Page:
Child labor, school attendance and access to health care services by children: evidence from Ghana
The paper develops a simple two-period model relating child labor, child school attendance and child health care access in LDCs showing that child labor is positively correlated to access to health care services. In fact, higher medical expenditure generates better health and, therefore, higher child productivity. Accumulation of human capital, which generates higher future utility, comes at the expense of current productivity and consumption. The optimal choice of child labor is such that the marginal benefit of schooling is equal to the marginal productivity of child labor, which is enhanced by additional medical expenditure. Under this theoretical set-up we expect medical expenditure and child labor to be positively correlated, with parents caring more for their children if they contribute to household income. We explore these relationships using a micro data set from Ghana LSS for the year 1999. Empirical results confirm the model theoretical predictions.
|Date of creation:||2010|
|Date of revision:|
|Contact details of provider:|| Postal: |
Web page: http://www.carloalberto.org/
More information through EDIRC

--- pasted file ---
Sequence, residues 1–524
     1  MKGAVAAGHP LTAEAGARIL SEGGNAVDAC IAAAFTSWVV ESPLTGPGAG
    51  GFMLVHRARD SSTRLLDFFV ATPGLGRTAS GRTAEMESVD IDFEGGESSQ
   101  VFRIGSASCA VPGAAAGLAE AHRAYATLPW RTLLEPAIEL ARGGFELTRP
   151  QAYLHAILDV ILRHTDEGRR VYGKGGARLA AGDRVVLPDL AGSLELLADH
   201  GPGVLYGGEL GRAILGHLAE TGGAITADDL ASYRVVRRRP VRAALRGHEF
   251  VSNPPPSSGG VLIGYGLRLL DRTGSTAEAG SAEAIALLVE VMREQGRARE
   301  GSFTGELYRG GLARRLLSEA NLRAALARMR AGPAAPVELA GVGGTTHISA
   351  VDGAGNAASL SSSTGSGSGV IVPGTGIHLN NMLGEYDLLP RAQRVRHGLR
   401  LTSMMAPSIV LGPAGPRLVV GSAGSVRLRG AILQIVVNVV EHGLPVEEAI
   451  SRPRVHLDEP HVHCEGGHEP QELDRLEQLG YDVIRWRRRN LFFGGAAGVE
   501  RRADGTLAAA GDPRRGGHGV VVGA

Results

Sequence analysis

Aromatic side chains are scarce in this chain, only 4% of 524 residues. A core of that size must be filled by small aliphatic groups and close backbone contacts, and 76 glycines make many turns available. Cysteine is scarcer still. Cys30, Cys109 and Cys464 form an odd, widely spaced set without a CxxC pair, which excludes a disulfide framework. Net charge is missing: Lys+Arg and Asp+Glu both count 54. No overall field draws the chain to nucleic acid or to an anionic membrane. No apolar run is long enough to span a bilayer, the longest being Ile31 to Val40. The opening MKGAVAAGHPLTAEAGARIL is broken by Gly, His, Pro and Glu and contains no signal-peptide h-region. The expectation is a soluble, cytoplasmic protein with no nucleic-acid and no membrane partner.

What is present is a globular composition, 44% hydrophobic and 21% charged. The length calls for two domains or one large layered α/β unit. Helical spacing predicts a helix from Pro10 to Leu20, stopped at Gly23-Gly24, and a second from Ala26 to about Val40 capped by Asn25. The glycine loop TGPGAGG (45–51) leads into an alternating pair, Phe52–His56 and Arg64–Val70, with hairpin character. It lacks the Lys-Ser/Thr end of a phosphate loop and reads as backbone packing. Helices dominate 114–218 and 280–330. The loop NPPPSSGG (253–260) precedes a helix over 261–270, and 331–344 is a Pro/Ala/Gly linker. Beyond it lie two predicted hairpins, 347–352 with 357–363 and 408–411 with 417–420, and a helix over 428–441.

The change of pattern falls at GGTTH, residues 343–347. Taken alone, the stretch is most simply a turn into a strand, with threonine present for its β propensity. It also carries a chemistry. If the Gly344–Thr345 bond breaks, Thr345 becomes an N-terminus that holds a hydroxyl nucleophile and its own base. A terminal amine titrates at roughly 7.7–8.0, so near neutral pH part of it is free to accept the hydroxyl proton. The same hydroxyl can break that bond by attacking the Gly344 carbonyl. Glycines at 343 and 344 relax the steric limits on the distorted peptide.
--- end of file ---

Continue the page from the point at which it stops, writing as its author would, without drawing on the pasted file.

References listed on IDEAS
Please report citation or reference errors to , or , if you are the registered author of the cited work, log in to your RePEc Author Service profile, click on "citations" and make appropriate adjustments.:
- Owen A O'Donnell & Furio C. Rosati & Eddy van Doorslaer, 2004.
"Health Effects of Child Work: Evidence from Rural Vietnam,"
CEIS Research Paper
53, Tor Vergata University, CEIS.
- Owen O'Donnell & Furio C. Rosati & Eddy van Doorslaer, 2005. "Health effects of child work: Evidence from rural Vietnam," Journal of Population Economics, Springer, vol. 18(3), pages 437-467, 09.
When requesting a correction, please mention this item's handle: RePEc:cca:wpaper:178. See general information about how to correct material in RePEc.
For technical questions regarding this item, or to correct its authors, title, abstract, bibliographic or download information, contact: (Giovanni Bert)
If you have authored this item and are not yet registered with RePEc, we encourage you to do it here. This allows to link your profile to this item. It also allows you to accept potential citations to this item that we are uncertain about.
If references are entirely missing, you can add them using this form.
If the full references list an item that is present in RePEc, but the system did not link to it, you can help with this form.
If you know of missing items citing this one, you can help us creating those links by adding the relevant references in the same way as above, for each refering item. If you are a registered author of this item, you may also want to check the "citations" tab in your profile, as there may be some citations waiting for confirmation.
Please note that corrections may take a couple of weeks to filter through the various RePEc services.